Dating the new testament

The New Testament consists of: such as review articles, monographs, or textbooks.

Please add such references to provide context and establish the relevance of any primary research articles cited. it is certain that the whole aim at which he [Marcion] has strenuously laboured, even in the drawing up of his Antitheses, centres in this, that he may establish a diversity between the Old and the New Testaments, so that his own Christ may be separate from the Creator, as belonging to this rival god, and as alien from the law and the prophets.

As the prophet Jeremiah testifies when he speaks such things: "Behold, the days come, saith the Lord, that I will make a new testament to the house of Israel and the house of Judah, not according to the testament which I made to their fathers, in the day that I took them by the hand to bring them out of the land of Egypt; for they continued not in my testament, and I disregarded them, saith the Lord." ...

For that which He said above, that He would make a new testament to the house of Judah, shows that the old testament which was given by Moses was not perfect; but that which was to be given by Christ would be complete.

Over time, some disputed books, such as the Book of Revelation and the Minor Catholic (General) Epistles were introduced into canons in which they were originally absent.

Other works earlier held to be Scripture, such as 1 Clement, the Shepherd of Hermas, and the Diatessaron, were excluded from the New Testament.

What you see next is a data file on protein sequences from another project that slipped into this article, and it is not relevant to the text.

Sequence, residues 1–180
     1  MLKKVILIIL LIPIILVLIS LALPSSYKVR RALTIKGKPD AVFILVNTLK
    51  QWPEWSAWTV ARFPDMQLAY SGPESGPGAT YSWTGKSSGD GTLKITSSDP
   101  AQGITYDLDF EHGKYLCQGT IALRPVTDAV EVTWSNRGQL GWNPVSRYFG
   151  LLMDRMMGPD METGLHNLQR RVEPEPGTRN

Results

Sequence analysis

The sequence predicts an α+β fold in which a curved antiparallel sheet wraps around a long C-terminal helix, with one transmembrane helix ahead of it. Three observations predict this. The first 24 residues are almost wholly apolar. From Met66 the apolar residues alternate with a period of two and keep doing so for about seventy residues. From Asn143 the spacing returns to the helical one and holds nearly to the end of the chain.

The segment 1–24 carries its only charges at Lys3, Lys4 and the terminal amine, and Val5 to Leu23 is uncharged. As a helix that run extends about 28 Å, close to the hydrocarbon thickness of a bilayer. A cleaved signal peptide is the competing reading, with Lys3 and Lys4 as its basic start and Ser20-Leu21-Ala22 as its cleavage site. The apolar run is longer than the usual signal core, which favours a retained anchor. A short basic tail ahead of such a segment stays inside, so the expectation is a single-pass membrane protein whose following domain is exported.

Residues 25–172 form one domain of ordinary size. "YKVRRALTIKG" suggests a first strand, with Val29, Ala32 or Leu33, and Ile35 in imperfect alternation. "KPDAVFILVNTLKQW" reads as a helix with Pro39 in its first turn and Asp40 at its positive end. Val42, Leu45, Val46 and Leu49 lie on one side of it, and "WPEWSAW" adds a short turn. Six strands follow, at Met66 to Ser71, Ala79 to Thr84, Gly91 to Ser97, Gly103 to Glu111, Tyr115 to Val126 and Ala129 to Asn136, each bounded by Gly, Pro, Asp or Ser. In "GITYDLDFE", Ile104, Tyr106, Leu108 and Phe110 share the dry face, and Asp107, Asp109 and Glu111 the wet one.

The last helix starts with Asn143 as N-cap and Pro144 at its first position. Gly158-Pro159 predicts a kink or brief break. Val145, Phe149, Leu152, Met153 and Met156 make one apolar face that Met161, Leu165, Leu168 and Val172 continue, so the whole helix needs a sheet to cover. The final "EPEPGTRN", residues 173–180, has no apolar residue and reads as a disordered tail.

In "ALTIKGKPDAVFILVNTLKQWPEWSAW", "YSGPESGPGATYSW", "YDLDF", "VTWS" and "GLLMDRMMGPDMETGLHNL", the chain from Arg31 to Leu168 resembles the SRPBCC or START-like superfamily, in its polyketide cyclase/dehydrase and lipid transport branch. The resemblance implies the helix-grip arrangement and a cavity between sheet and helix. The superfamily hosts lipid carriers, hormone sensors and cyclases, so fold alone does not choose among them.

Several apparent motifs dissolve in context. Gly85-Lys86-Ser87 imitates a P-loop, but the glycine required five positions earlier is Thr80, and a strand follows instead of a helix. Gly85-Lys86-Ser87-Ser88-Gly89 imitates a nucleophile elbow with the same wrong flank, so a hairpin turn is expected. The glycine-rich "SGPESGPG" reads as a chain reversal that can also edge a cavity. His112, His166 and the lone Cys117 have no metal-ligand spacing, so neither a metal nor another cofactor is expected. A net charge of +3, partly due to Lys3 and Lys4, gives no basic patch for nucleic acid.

Other early Christian gospels such as the so-called "Jewish-Christian Gospels" or the Gospel of Thomas, also offer both a window into the context of early Christianity and may provide some assistance in the reconstruction of the historical Jesus.

The New Testament is a collection of Christian works written in the common (Koine) Greek language of the first century, at different times by various writers, and the modern consensus is that it provides important evidence regarding Judaism in the first century AD.

Whatever these admittedly early ascriptions may imply about the sources behind or the perception of these gospels, they are anonymous compositions.

The first three gospels listed above are classified as the Synoptic Gospels.

By the 4th century, the existence—even if not the exact contents—of both an Old and New Testament had been established.

Lactantius, a 3rd–4th century Christian author wrote in his early-4th-century Latin Institutiones Divinae (Divine Institutes): But all scripture is divided into two Testaments.

Romans 1 Corinthians · 2 Corinthians Galatians · Ephesians Philippians · Colossians 1 Thessalonians · 2 Thessalonians 1 Timothy · 2 Timothy Titus · Philemon Hebrews · James 1 Peter · 2 Peter 1 John · 2 John · 3 John Jude) is the second part of the Christian biblical canon, the first part being the Old Testament, based on the Hebrew Bible.

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